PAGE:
Citigroup Was Punished for Not Playing Nice With the Feds

NEW YORK (TheStreet) -- Although Citigroup (C) passed the first round of stress tests (called the Dodd-Frank Act Stress Tests), the Big Four bank failed to impress in the second round announced Wednesday.

The bank met the capital requirements with Tier 1 common ratio at more than 5% (first round of stress testing), and review of quantitative charts of the Fed's report showed adequate ratios on the capital requirements with a proposed capital plan including dividends and share buybacks in the second round of tests (see table below).

So why was the bank's 2014 capital plan rejected in the second round, known as the Comprehensive Capital Analysis and Review?

According to the Federal Reserve's comments from its report, the central bank objected to Citigroup's capital plan (dividend increases and share buybacks) based on qualitative concerns. The wording the Fed used was: "significantly heightened supervisory expectations for the largest and most complex Bank Holding Company (BHCs) in all aspects of capital planning."

The Federal Reserve also had concerns about Citigroup's ability "to project revenues and losses under a stressful scenario for material parts of the firm's global operations and its ability to develop scenarios for its internal stress testing that adequately reflects its full range business activities and exposures."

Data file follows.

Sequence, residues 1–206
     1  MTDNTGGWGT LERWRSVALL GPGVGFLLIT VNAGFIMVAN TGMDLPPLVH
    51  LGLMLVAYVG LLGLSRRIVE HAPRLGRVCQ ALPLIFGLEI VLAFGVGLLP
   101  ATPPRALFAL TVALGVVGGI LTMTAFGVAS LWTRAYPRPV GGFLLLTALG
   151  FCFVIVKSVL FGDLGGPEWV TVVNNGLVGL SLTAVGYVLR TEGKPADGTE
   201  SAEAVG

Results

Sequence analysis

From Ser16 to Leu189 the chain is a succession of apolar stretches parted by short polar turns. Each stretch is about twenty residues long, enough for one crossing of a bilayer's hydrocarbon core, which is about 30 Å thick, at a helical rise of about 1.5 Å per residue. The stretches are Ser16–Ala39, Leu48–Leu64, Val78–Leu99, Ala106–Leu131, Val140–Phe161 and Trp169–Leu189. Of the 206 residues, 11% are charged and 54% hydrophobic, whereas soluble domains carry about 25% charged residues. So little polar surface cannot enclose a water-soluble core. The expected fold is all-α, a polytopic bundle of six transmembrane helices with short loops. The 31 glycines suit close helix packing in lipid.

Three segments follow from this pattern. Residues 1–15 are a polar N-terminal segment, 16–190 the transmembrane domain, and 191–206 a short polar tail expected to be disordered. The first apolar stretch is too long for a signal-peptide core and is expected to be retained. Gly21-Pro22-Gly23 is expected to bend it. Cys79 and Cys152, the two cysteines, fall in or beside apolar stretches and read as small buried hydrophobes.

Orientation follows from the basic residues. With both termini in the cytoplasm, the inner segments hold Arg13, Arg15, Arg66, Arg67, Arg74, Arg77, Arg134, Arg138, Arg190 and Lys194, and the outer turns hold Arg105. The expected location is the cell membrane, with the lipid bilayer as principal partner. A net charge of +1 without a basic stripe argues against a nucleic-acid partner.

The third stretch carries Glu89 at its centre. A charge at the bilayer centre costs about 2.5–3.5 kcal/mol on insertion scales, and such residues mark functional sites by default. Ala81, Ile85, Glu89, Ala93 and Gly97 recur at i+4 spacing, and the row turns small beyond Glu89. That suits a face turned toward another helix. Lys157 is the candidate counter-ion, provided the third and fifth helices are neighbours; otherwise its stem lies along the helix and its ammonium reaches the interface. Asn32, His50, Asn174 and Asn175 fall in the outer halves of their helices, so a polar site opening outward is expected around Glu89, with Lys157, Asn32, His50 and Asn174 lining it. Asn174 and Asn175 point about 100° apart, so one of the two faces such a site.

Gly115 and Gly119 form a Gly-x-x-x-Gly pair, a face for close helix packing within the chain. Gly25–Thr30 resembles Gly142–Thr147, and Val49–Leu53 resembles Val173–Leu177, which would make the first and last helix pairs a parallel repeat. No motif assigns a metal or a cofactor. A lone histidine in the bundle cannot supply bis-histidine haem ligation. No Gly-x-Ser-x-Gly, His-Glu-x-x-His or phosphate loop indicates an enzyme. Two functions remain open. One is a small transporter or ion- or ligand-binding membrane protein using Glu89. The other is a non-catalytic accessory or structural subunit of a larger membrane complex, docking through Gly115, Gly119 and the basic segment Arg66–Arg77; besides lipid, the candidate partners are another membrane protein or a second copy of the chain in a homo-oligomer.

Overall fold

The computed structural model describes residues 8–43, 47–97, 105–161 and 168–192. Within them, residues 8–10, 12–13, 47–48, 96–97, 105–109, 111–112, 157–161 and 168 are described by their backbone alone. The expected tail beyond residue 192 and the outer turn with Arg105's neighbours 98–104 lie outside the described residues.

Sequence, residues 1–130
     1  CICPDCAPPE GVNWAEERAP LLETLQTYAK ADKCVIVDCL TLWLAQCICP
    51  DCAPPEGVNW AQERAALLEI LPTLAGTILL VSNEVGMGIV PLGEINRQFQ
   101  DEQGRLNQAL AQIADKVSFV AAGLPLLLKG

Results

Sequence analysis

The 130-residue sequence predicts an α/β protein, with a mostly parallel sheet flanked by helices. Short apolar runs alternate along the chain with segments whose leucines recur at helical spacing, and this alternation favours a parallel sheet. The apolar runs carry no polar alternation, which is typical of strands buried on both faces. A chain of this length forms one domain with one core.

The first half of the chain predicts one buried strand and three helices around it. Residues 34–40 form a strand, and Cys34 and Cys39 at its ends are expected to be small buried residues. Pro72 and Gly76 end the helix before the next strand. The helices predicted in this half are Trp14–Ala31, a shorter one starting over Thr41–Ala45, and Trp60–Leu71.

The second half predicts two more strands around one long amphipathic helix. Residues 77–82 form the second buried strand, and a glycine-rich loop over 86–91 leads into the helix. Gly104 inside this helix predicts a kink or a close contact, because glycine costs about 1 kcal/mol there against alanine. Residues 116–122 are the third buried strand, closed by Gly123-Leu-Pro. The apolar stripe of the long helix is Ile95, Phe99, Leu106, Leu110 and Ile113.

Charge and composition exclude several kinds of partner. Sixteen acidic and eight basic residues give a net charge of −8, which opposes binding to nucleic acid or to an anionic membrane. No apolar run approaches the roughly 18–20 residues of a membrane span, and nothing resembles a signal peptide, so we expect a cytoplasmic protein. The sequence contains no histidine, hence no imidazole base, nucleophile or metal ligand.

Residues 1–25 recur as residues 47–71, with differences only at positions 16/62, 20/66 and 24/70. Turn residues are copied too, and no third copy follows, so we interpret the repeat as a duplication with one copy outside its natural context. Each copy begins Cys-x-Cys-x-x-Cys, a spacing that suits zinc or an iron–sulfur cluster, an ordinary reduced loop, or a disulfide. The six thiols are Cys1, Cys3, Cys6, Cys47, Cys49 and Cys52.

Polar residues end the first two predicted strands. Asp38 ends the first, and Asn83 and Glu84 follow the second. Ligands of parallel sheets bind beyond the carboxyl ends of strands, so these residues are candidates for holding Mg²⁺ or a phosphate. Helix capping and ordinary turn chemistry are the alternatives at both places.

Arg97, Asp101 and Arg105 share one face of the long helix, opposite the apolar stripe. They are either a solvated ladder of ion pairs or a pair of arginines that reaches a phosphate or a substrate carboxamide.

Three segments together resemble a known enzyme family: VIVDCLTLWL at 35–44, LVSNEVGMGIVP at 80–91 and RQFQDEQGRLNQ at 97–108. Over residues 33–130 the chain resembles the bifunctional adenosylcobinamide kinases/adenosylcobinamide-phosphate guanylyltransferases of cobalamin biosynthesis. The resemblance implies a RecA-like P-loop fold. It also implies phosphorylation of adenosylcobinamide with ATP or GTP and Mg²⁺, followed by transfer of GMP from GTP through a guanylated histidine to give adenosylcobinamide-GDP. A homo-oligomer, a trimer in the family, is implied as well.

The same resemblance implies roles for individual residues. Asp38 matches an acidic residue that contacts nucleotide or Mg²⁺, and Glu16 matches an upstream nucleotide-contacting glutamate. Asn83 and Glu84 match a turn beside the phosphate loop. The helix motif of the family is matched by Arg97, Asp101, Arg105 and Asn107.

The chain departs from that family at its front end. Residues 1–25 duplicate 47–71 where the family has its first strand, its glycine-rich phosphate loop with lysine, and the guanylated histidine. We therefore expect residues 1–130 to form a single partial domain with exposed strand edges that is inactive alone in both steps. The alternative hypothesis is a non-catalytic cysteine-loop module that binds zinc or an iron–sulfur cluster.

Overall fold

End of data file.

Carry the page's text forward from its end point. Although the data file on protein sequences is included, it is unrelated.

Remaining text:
A comparison of the Big Four U.S. money center banks in the table below shows that Citigroup has key financial metrics in line with the other three biggest U.S. banks, including some of the highest capital ratios and 2015 financial performance ratios.

Bank

Federal Reserve Tier 1 Results

FY 2013 Performance

Common Equity Ratio1

"DFAST"

Common Equity Ratio1

"CCAR"

Risk-Based Capital Ratio1

"CCAR"


Leverage Ratio1

"CCAR"


Adj. NPL

to Loans %2

Revenue Growth %2

Net Income Growth %2

JPMorgan Chase (JPM)

6.3%

5.5%

6.6%

4.2%

1.93%

-1.1%

-15.8%

Bank of America (BAC)

5.9%

5.3%

6.3%

4.1%

2.39%

6.7%

172.9%

Citigroup (C)

7.2%

6.5%

9.1%

5.6%

1.47%

9.2%

79.1%

Wells Fargo (WFC)

8.2%

6.1%

6.9%

5.6%

2.34%

-2.7%

14.7%

Threshold1

5.0%

5.0%

6.0%

4.0%